# Are lexicographic and multiset the only extensions of sets that preserve well-foundedness?

It is well known that for a given set $S$ with well-founded order relation $R$, the lexicographic order that extends $R$ on tuples of $S$ is also well-founded.

Also, the multiset order on the multiset extension of $S$ is also well-founded.

Are there any other extensions to sets besides the lexicographic extension and the multiset extension that have a natural ordering that preserve well-foundedness?

I seem to remember reading that lexicographic and multiset extensions are the only extensions that preserve well-foundedness, but I cannot find the reference.

I am only asking about well-foundedness, i.e., not assuming the orderings are necessarily total.

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What is the multiset order? – azarel Jul 6 '12 at 15:15
Let $\mathcal{M}(S)$ denote the set of all finite multisets over $S$. The multiset order $>_{mul}$ on $\mathcal{M}(S)$ is as follows: $A >_{mul} B$ iff there exist $X,Y \in \mathcal{M}(S)$ such that $\emptyset \neq X \subseteq A$ and $B = (A - X) \cup Y$ and $\forall y \in Y. \exists x \in X. x > y$. For example, ${5, 3, 1, 1} >_{mul} {4, 3, 3, 1}$. – Brenton Jul 6 '12 at 15:40
I thought the lexicographic order was not well-founded. Suppose we have $S=\{0,1\}$ with $1\succ 0$. Then $(1)\succ (0,1)\succ (0,0,1)\ldots$ is an infinite descending chain and thus is a nonempty subset with no minimal element. What have I misunderstood in your question? – MJD Jul 6 '12 at 15:55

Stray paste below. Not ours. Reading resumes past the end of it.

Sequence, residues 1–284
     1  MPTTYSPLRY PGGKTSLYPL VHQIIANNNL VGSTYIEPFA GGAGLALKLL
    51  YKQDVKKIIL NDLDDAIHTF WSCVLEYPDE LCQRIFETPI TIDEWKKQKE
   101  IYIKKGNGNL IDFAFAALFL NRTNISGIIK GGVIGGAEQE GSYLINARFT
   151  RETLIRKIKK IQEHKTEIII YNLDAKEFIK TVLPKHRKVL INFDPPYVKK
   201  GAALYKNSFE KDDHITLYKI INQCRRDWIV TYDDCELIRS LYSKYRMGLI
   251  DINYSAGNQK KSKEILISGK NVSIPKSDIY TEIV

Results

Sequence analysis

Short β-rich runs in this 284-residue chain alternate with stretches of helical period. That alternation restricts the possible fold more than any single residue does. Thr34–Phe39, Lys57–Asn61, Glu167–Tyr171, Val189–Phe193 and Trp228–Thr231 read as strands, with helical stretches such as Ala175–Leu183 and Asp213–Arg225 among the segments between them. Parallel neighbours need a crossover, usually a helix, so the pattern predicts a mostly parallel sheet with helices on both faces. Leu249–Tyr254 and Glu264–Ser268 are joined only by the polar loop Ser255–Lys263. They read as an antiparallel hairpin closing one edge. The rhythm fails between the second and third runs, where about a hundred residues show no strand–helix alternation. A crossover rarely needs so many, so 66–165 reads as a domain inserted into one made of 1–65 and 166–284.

The order used in dictionaries of course does not terminate (e.g., the given example of $(1) \succ (0, 1) \succ (0, 0, 1) \ldots$), but traditionally, the lexicographic order is used for tuples of the same length so that there is not a problem of non-well-foundedness. Even for tuples of different lengths, it is easy to preserve well-foundedness with i.e., the shortlex order. – Brenton Jul 6 '12 at 19:35
You may want to read about quasi-order; well-quasi-order; and more importantly better-quasi-order. The last one has strong properties of well-foundedness. – Asaf Karagila Jul 6 '12 at 20:10

For example, we can compare $(a,b)$ with $(c,d)$ first by comparing $\max(a,b)$ with $\max(c,d)$ and fall back to the lexicographic ordering iff the maxima are the same. This has the nice property that if $S$ has order type $\omega$, then so does $S\times S$.
I am not assuming that the original relation $R$ is a total order on $S$, so $max(a, b)$ might not be defined. – Brenton Jul 6 '12 at 16:03
If it is a well-order, then by definition it is total. If we're speaking about partial orders, we may use least upper bounds instead of max, and declare that $(a,b)$ is incomparable with everything else unless $a$ and $b$ has a lub. Then the construction preserves the property of being a well-founded partial order. – Henning Makholm Jul 6 '12 at 16:13
Right, I edited the question to use "well-founded" everywhere, so as to not imply totality. Declaring $(a, b)$ incomparable unless $a$ and $b$ have a $lub$ is certainly allowed, but I was more looking for entirely different extensions to sets that have a natural ordering, instead of playing with the existing extensions. There are tuples and multisets. Are there are other extensions to sets that have a natural ordering that preserves well-foundedness? – Brenton Jul 6 '12 at 19:39